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Nick McKenzie Unfolds The Story About Ben Roberts-Smith In His New Book

Last month, Ben Roberts-Smith lost one of the biggest defamation trials in Australian history and was found to be a war criminal to a civil standard. 

The judge ruled that the stories Nick McKenzie had published in Nine Newspapers in 2017 and 2018 about the Victoria Cross-winning SAS soldier were substantially true.

In a podcast interview, McKenzie discussed his emotions during a pivotal moment outside the court, where he referred to Roberts-Smith as a “bully, liar, and war criminal.”

Mr McKenzie revealed that his overwhelming feelings at the time were a mix of exhaustion, exhilaration, and anxiety. 

He wanted to highlight the real heroes of the court case, the soldiers, whistleblowers, witnesses, and Afghan villagers who stood up for justice. 

On today’s episode of The Briefing, this Walkley Award-winning journalist joins us in the podcast to discuss his new book, Crossing the Line.

Mr McKenzie said he had faced enormous threats and intense pressure during the six-year-long saga.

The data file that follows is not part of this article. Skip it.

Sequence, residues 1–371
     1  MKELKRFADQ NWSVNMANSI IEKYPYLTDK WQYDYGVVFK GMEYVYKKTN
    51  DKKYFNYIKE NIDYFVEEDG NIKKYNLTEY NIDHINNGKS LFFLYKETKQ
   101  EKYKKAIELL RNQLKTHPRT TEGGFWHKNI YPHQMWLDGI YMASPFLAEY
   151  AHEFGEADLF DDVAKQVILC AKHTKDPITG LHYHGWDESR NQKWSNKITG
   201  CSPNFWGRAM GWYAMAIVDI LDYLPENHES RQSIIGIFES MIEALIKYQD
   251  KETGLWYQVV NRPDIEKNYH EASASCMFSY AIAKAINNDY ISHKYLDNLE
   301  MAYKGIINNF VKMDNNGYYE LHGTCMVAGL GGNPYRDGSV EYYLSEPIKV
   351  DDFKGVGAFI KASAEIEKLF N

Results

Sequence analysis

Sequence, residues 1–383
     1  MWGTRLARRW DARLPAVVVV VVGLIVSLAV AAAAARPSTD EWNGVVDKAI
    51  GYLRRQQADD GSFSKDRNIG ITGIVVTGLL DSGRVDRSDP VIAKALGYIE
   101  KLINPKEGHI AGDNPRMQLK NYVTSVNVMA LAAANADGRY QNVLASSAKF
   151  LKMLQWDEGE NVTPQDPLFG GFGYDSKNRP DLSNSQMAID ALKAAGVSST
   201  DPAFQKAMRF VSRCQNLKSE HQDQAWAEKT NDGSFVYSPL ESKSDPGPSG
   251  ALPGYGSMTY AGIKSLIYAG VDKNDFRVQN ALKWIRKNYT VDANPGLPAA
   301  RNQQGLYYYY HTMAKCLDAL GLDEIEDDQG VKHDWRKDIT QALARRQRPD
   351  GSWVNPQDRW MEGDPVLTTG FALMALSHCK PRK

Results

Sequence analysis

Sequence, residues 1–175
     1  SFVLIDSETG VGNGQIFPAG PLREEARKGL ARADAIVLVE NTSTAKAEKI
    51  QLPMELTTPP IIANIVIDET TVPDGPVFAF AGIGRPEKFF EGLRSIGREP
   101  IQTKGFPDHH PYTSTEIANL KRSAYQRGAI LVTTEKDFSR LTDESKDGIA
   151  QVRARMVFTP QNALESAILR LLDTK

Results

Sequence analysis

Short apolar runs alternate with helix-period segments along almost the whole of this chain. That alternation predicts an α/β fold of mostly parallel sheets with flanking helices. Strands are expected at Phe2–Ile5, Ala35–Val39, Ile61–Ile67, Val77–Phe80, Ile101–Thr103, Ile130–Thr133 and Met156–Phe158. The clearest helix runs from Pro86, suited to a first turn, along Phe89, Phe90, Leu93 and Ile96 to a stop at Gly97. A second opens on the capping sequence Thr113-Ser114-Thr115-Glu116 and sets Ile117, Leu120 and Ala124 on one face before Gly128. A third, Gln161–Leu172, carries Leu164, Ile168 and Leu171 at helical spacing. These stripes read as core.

I was leaked secret tape recordings, and on one of the recordings, he (Ben Roberts-Smith) says, I’m going to do everything in my power to destroy McKenzie and (Chris) Masters, my journalistic colleague,”

Mr McKenzie said.

So he wanted, there’s no doubt, to use the resources of a billionaire. Kerry Stokes, who had his back and all the dirty tricks of the Special Forces, tried to not just destroy us but also to come after anyone who challenged him,”

he added.

While criminal charges against Roberts-Smith are yet to be brought forward, McKenzie noted that the judge found him to be a war criminal based on the civil standard of proof. 

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The journalist said that the defamation case brought against him by Roberts-Smith had increased the likelihood of criminal charges being filed.

From Australia to Afghanistan and from the newsroom to the courtroom, his new book, “Crossing the Line”, depicted the complete story behind the Roberts-Smith case and the fight to investigate allegations of war crimes and murder.

There will be investigations into Ben Roberts-Smith for years, and it’s not just that he was found to have engaged or participated in summary executions; in our case, that’s what the judge found,”

he said.

But there are many other allegations he’s also facing. So, I mean, you could not find a man under more investigation right now in Australia than Ben Roberts-Smith.”

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